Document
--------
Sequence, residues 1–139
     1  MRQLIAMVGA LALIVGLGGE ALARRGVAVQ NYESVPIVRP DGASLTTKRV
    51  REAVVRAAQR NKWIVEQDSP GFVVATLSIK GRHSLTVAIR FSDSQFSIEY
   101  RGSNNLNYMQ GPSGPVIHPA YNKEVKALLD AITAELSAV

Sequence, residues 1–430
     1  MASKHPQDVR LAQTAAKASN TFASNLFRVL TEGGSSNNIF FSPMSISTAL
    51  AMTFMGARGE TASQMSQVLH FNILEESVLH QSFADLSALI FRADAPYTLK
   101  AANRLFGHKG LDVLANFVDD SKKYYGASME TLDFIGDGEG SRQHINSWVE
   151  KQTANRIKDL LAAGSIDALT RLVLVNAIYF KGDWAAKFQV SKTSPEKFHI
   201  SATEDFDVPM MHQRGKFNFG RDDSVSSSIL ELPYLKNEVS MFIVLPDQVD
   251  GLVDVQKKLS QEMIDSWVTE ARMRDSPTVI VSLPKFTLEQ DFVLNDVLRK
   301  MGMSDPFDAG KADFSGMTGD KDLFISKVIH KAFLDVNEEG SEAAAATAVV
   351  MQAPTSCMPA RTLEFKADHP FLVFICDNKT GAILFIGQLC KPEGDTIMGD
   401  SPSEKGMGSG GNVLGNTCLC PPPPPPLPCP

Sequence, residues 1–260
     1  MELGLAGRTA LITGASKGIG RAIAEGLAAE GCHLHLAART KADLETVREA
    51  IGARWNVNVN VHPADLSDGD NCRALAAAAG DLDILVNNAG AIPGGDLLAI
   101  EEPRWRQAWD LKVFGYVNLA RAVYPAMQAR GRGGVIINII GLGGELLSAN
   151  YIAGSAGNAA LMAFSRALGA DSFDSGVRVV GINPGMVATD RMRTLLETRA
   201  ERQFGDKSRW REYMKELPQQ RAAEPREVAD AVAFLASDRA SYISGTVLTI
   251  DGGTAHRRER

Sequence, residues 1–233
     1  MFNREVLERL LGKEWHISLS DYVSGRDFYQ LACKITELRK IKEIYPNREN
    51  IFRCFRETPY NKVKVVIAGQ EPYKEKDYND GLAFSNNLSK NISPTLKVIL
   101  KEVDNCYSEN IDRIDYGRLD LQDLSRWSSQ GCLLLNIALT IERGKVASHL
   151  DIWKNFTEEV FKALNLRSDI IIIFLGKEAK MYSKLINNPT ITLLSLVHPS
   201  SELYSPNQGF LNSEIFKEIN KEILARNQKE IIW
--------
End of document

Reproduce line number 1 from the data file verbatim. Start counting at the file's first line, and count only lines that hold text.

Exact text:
Sequence, residues 1–139